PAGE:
Mike Bignold who lives in Beeston Regis, has one reason for writing his as yet unpublished ‘Candlestick Hill’ series, comprising of five books, namely The Doomsday Tree’, ‘Gin Trap at Smoker’s Hole’, ‘The Abandoned Village’, ‘The Trial at Candlestick Hill’ and ‘The House of Square Moon’. They were all done as a means to an end. Not financial mind you, as we all know that writing and money are in many cases highly allergic to each other, but primarily as a tool for learning. (Though in exceptional cases it does pay.. .one hears.) No, Mike decided the best way to get his audience to really empathise with the animal and bird world was by anthropomorphising them, basically giving them human characteristics. In the opening chapter of the series a wise man turns 53 medieval villagers into animals with a spell in order to afford them safety from a lethal enemy. This gives them the opportunity to melt away into the forest as a selection of most of our familiar countryside animals such as badgers, foxes, squirrels, weasels, otters, stoats, hedgehogs, hawks, owls, crows, rats, mice and moles.
In effect, Candlestick Hill’ series has something of ‘The Wind in the Willows’ or ‘Watership Down’ about it.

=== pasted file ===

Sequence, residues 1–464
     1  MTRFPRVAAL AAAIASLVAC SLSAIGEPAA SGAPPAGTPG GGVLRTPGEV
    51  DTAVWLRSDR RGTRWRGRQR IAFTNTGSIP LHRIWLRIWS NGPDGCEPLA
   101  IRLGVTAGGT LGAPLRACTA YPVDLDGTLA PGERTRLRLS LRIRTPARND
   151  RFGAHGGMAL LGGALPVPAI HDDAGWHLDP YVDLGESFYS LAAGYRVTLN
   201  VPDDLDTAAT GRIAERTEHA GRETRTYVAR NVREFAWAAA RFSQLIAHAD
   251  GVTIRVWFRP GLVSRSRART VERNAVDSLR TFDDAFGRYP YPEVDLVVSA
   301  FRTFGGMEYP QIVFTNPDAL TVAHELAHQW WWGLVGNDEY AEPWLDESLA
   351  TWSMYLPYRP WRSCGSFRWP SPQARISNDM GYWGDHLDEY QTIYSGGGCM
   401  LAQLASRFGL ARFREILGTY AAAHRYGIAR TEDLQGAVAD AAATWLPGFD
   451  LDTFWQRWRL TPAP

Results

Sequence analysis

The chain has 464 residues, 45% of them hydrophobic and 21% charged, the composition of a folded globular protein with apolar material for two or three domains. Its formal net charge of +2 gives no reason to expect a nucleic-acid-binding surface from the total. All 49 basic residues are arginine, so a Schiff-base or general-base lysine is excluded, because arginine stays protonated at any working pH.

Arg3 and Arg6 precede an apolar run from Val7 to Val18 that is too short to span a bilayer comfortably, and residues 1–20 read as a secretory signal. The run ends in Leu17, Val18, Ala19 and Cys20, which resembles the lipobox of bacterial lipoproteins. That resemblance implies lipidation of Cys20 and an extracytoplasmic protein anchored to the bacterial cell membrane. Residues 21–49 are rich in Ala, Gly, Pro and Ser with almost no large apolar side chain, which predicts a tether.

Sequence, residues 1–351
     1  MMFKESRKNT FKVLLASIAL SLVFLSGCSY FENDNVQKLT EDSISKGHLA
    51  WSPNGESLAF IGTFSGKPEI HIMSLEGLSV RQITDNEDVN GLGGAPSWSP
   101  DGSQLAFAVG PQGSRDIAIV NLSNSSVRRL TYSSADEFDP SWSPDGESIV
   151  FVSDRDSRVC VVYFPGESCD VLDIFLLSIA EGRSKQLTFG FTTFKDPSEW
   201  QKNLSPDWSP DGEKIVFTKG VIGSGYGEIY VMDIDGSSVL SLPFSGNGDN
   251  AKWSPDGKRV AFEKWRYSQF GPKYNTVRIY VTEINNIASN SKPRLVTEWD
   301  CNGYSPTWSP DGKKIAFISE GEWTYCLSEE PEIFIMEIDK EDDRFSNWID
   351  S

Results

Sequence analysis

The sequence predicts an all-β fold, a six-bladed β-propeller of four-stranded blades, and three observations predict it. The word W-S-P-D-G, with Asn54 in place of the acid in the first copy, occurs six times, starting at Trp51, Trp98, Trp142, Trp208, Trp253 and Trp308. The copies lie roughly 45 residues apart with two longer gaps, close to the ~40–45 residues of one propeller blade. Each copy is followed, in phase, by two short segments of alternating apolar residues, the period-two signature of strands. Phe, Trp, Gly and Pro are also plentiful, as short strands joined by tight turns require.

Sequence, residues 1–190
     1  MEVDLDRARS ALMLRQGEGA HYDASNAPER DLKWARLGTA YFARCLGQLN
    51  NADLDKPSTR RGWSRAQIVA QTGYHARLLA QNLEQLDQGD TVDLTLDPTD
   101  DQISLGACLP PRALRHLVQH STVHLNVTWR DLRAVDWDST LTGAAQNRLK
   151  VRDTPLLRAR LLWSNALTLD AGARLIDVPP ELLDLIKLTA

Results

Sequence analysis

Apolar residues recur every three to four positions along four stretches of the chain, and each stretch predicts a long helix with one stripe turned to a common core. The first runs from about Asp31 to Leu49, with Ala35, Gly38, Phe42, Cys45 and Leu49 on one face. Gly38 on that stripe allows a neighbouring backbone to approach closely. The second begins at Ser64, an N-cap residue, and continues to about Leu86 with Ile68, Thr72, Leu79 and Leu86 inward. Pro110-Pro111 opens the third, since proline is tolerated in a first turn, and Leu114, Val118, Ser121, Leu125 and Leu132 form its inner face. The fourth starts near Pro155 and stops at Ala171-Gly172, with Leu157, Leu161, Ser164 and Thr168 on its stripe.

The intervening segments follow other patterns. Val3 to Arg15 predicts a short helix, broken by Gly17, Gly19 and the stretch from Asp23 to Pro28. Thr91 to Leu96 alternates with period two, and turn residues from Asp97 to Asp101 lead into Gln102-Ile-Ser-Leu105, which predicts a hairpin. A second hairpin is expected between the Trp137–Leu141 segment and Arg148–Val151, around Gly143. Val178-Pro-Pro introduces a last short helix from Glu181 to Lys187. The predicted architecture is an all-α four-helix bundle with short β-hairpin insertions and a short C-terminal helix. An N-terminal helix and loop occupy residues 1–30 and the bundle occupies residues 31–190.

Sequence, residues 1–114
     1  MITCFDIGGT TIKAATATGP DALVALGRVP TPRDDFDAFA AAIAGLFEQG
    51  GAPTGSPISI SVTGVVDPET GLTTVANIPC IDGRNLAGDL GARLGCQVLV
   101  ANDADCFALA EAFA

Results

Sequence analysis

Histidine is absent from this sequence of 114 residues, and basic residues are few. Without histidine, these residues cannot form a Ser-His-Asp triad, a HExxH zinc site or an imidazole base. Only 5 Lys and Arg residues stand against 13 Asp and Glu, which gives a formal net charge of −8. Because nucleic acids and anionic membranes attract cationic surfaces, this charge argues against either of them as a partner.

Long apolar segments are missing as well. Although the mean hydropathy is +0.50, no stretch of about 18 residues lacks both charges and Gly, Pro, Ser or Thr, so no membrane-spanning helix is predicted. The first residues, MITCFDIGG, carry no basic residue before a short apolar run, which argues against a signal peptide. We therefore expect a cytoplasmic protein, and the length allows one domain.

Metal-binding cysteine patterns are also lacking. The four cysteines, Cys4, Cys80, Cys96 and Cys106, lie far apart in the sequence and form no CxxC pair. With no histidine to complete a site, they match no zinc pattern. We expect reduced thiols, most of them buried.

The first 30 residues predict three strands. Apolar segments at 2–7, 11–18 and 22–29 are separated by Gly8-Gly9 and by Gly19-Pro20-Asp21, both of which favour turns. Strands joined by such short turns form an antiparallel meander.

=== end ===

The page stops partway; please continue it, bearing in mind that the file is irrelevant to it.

And in common with both of those titles, it features a society, good friends, mortal enemies, mishaps, merriment and not a little sorrow. Whilst the animals have experienced being human, they very rapidly have to get to grips with the conditions and expectations of the animal that they have become, and behave accordingly. After all, survival in this new guise proves just as challenging as in the human world, if not more so. With good nature writing arguably in crisis with urbanisation and technology taking priority over almost everything else these days, it is refreshing to have a book about nature and every generation should have one. Debate. No, no, don’t bother. It’s quite simple as I see it, a book that literally smells of wet, torn, green grass, translates forest life and transports you to a hillside bathed in the glow of a full moon night sky in your mind’s eye is an essential for the sanity of childhood. However Mike’s book is not just for children, it is a universal story to be enjoyed by all age groups. Any publishers reading this should be minded to have a good look at this one.
Twenty three cows for your baby boy Ma’am?
Mike Bignold was born in Blantyre, Malawi (110 in the shade) to parents running a failing tobacco plantation. Decisions were made and passage home was found, with Mike lucky to be on board having caught the eye of a local chief wanting a (novelty) white baby, purchase price twenty three cows. Once the family had returned home Mike’s father became a priest, but this decision proved a complex one as he ended up committing suicide. After this,